Crosshead 20 is designed to slide up and down on columns 16, 18 to provide for the adjustment of the test spacing between crosshead 20 and base 14. Crosshead 20 includes vertical bores at each side that are not shown. Each bore encompasses a respective column 16, 18. The bore structure includes a split at each outer side margin of the crosshead 20, forming a pair of opposed flanges 22 on each end of the crosshead.

Flanges 22 have multiple bores therethrough. Bolts 24 pass through the bores and are secured by nuts (not shown). After properly positioning crosshead 20 with respect to base 14, the nuts on bolts 24 are tightened. Respective flanges 22 are thereby compressed together resulting in compressive frictional engagement of the columns 16, 18 with the internal faces of the bore structure in crosshead 20, rigidly holding crosshead 20 in a selected elevational position on columns 16, 18 above base 14.

A load train 28 is shown positioned between crosshead 20 and base 14. It is understood that other components than those that are shown in the drawings may comprise load train 28. Specifically, in an application that demanded an exceptional degree of accuracy, three alignment devices 10 were utilized in the load train 28 in order to achieve the requisite degree of alignment accuracy. In the particular example shown, load train 28 has a lower grip 30. Lower grip 30 is attached by lower grip base 32 to the hydraulic actuator contained within base 14. Lower grip 30 has jaws that can hydraulically grasp the lower end of a test specimen 34. Test specimen 34 is typically an elongated piece, with a reduced center section about which certain performance data are sought.

The second, upper end of test specimen 34 is grasped by upper grip 36. Upper grip 36 is in turn connected to load cell 38. Load cell 38 contains the sensor that measures axial force on test specimen 34. Load cell 38 generates a signal that is typically sent via electrical conduit to a data storage and control apparatus. Load cell 38 is in turn connected to alignment device 10, which is in turn connected to crosshead 20. Upper grip 36, load cell 38 and alignment device 10 are held in place by a stud 40. Stud 40 passes through crosshead 20 and continues centrally through alignment device 10 and load cell 38 to be affixed to upper grip 36. Stud 40 is held in place by nut 42.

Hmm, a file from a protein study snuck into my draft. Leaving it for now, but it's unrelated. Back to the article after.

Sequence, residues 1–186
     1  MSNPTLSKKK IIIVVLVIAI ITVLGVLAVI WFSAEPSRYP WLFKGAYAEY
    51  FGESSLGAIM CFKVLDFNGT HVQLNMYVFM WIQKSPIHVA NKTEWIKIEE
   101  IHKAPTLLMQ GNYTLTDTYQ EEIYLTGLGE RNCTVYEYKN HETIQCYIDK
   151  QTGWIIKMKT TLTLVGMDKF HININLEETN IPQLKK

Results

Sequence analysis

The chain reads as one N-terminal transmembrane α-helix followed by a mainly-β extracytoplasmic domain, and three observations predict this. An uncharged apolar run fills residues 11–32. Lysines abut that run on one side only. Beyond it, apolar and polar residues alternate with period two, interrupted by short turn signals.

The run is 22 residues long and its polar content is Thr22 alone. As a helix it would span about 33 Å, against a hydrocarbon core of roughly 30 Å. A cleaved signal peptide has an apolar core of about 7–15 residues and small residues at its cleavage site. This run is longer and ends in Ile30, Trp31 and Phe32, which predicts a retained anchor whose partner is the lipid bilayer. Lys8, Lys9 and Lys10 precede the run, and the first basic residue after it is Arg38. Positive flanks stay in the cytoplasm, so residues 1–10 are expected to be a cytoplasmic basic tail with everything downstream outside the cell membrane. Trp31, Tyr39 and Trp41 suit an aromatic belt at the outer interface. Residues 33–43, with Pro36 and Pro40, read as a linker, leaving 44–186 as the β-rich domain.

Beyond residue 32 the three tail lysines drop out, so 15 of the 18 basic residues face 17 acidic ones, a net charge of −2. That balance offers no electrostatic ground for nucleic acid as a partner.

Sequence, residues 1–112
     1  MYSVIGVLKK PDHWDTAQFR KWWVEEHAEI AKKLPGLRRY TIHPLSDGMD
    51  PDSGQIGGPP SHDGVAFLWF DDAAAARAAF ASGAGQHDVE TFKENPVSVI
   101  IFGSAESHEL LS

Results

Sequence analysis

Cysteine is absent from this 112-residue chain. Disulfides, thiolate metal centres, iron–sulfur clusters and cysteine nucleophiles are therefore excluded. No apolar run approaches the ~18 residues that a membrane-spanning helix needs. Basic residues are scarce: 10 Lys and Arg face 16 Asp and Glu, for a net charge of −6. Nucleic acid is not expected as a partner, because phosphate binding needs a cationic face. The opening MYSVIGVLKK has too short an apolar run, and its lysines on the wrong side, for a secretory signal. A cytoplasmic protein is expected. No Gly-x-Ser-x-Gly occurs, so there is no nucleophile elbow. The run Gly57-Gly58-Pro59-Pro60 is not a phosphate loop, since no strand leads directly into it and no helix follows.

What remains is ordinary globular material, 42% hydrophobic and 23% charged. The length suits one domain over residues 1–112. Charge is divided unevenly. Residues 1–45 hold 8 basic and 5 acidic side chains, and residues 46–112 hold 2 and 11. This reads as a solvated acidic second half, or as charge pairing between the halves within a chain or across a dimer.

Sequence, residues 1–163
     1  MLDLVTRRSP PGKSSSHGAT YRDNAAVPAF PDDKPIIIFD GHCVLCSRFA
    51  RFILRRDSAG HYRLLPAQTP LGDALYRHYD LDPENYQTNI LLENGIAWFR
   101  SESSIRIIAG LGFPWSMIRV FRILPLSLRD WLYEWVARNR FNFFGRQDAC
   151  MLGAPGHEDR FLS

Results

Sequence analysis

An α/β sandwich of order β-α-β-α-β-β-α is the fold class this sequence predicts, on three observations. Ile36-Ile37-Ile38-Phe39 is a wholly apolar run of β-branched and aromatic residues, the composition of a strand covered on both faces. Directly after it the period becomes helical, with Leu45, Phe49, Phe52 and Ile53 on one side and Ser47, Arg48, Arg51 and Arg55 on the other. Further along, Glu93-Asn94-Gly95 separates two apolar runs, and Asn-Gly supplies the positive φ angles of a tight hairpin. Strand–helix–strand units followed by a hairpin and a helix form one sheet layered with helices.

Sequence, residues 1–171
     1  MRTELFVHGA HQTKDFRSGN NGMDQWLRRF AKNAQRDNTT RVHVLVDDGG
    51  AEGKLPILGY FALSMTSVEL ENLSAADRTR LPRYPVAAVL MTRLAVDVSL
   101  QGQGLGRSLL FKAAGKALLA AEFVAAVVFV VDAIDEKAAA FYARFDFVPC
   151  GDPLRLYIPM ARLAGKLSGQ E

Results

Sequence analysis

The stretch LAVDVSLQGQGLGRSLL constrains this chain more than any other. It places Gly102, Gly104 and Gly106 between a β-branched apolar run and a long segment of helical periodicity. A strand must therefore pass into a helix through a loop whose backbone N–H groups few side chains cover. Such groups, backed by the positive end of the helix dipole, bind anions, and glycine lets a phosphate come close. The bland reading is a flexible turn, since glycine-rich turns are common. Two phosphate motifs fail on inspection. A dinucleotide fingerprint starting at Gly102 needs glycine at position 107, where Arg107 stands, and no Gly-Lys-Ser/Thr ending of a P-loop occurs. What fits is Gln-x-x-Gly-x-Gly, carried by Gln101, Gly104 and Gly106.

Alignment device 10 broadly includes a central plate 44, angular alignment element 46, lateral alignment element 48, and adjusting screws 72, 82.

Central plate 44 is generally annular, having a central hole 45 large enough to accommodate stud 40. Plate 44 has a curved surface 50 and an opposed flat surface 52. Curved surface 50 is a precision spherical surface. The outer, peripheral portion of plate 44 presents an annular ring 49 having an upwardly directed lip 51 and a downwardly directed lip 53. The surfaces 50 and 52 are centrally located within respective lips 51 and 53. In a preferred embodiment, central plate 44.is formed by relief techniques that leave annular ring 49 as the periphery of plate 44 during the formation of plate 44.

Angular alignment element 46 comprises a disk 47 with a central hole 55 large enough to receive stud 40 with some play about stud 40. Angular alignment element 46 has a first, outwardly directed surface 54 that is generally flat. The opposed surface 56 of angular alignment element 46 is generally curved. Curved surface 56 presents a precision concave curve formed to mate with the convex curve of curved surface 50 of plate 44. The depth of angular alignment element 46 is slightly greater than the depth of the lip 53 of angular ring 49. Accordingly, when curved surface 56 of angular alignment element 46 abuttably engages curved surface 50 of plate 44, the angular alignment element 46 projects outwardly beyond the edge of the lip 53 of angular ring 49. Curved surface 56 of angular alignment apparatus 46 and curved surface 50 of plate 44 can be coated with a low friction coating to facilitate their mutual slidable engagement.

Central hole 55 in angular alignment element 46 is somewhat greater in diameter than the diameter of stud 40 to facilitate the movement of angular alignment element 46 about stud 40 during the angular alignment process. A portion of curved surface 56 of angular alignment apparatus 46 may be scalloped out to create counterbore 58. This is done to ensure that the preload is carried on the outer periphery of the mating parts, so the alignment frame has high lateral stiffness. Counterbore 58 presents outer ring 60 to curved surface 56, ensuring the contact surface between curved surface 56 of angular alignment element 46 and curved surface 50 of plate 44 mate at a large radius.